If you’re like me, the big question on your mind about the 2010 Vancouver Olympics is this: Will the prostitutes be safe from the media? Fortunately, The Prostitution Alternatives Counselling and Education Society (PACE) is already on the case.
Sex trade workers in Vancouver are receiving sessions in media training at PACE headquarters, located in the city’s notorious Downtown Eastside (admittance not granted without the secret knock).
PACE spokesperson Kerry Porth:
“We find sometimes that media attention to the area can be a little less than compassionate and we don’t want them to feel like animals in a zoo during that time. … We just want (the sex trade workers) to be aware of what their rights are around media, including the fact that it is legal for (media) to take a picture of them on a public street. And if they do consent to an interview, they can get the questions ahead of time. Things like that.”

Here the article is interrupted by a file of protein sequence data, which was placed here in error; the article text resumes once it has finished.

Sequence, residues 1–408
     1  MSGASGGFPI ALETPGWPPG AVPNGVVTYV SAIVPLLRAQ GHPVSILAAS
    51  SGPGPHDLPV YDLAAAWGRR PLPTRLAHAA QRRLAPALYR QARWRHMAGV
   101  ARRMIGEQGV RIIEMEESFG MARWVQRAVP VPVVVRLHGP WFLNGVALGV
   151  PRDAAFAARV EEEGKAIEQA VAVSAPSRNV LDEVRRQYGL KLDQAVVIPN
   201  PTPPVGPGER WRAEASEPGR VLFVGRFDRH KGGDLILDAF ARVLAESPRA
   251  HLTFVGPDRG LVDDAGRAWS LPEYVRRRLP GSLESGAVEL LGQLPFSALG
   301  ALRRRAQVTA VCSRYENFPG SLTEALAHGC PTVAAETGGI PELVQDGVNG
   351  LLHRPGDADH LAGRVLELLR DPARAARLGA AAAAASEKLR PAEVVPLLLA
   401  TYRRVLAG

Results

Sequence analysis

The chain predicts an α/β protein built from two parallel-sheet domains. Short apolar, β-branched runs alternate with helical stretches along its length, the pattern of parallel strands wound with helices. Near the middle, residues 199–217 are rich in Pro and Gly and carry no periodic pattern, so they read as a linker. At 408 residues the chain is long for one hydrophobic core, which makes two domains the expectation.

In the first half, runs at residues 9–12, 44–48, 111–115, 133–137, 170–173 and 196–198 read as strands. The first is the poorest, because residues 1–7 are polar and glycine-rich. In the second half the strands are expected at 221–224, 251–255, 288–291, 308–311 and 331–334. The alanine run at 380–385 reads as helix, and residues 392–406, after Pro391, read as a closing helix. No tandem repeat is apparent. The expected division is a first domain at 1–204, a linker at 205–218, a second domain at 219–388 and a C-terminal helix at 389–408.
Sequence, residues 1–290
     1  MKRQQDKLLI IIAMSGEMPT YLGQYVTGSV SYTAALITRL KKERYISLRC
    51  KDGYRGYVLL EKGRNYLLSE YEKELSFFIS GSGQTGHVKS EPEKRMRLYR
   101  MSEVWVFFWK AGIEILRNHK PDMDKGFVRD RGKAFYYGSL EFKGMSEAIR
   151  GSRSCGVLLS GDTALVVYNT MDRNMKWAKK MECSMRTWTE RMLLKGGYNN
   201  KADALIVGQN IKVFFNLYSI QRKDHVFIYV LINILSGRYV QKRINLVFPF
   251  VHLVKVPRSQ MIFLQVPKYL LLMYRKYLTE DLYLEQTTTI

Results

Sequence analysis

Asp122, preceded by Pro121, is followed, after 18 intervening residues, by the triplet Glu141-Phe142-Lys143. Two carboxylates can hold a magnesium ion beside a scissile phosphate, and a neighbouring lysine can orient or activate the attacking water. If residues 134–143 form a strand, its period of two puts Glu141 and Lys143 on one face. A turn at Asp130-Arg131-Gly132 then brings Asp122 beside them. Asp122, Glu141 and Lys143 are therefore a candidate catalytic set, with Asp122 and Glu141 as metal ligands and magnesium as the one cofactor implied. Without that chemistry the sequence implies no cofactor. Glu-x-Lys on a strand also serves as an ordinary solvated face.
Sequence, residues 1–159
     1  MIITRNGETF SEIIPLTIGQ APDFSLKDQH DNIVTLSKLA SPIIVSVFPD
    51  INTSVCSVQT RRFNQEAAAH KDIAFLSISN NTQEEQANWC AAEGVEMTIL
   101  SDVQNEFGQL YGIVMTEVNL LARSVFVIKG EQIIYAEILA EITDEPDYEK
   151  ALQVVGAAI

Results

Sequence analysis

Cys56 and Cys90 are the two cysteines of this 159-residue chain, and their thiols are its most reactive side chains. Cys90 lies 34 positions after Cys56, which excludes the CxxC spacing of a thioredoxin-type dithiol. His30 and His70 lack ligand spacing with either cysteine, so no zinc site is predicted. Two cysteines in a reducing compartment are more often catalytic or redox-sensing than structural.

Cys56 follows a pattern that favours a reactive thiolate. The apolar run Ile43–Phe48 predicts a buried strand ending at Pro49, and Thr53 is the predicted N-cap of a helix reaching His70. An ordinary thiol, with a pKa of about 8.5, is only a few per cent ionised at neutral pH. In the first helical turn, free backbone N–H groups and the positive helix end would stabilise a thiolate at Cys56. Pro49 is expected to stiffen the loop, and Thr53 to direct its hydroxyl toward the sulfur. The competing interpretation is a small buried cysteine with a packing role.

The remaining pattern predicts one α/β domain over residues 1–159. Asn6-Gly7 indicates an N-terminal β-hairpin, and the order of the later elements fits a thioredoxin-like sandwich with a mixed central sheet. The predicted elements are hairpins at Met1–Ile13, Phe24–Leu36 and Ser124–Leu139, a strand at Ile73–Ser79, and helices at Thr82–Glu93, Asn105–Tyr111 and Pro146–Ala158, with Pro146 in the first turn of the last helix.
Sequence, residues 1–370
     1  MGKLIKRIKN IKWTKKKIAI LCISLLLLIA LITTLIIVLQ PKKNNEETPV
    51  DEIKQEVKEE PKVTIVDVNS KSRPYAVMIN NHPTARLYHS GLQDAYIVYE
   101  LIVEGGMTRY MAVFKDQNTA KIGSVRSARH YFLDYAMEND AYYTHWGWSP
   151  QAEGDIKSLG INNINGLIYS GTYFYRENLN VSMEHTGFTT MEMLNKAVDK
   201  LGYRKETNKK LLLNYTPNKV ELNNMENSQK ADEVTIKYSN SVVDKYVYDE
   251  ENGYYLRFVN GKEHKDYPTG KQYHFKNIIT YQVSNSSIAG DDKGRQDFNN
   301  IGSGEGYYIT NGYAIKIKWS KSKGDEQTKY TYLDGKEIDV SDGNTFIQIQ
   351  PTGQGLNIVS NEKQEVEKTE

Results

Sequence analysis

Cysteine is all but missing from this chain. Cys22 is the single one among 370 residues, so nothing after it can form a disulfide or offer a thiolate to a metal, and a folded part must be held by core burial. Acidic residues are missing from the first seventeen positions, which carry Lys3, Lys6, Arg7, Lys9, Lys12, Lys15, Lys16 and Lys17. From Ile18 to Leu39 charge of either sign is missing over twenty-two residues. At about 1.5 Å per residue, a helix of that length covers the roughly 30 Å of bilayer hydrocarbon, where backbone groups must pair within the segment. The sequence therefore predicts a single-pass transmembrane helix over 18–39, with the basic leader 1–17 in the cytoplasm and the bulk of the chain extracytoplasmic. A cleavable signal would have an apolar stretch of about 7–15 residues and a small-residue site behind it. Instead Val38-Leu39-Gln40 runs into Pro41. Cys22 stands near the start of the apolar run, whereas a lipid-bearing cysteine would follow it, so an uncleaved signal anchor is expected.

Prostitution is legal in Canada, but running a brothel or soliciting sex on the street are not. This of course makes no sense, and is part of what makes the country great — along with Don Cherry and cheap meds.
I, of course, got a copy of the PACE training manual, and was particularly intrigued by the chapters The Four-Man Luge And You; Eleven Fun Things To Do With A Curling Broom; and Around The World With Bob Costas.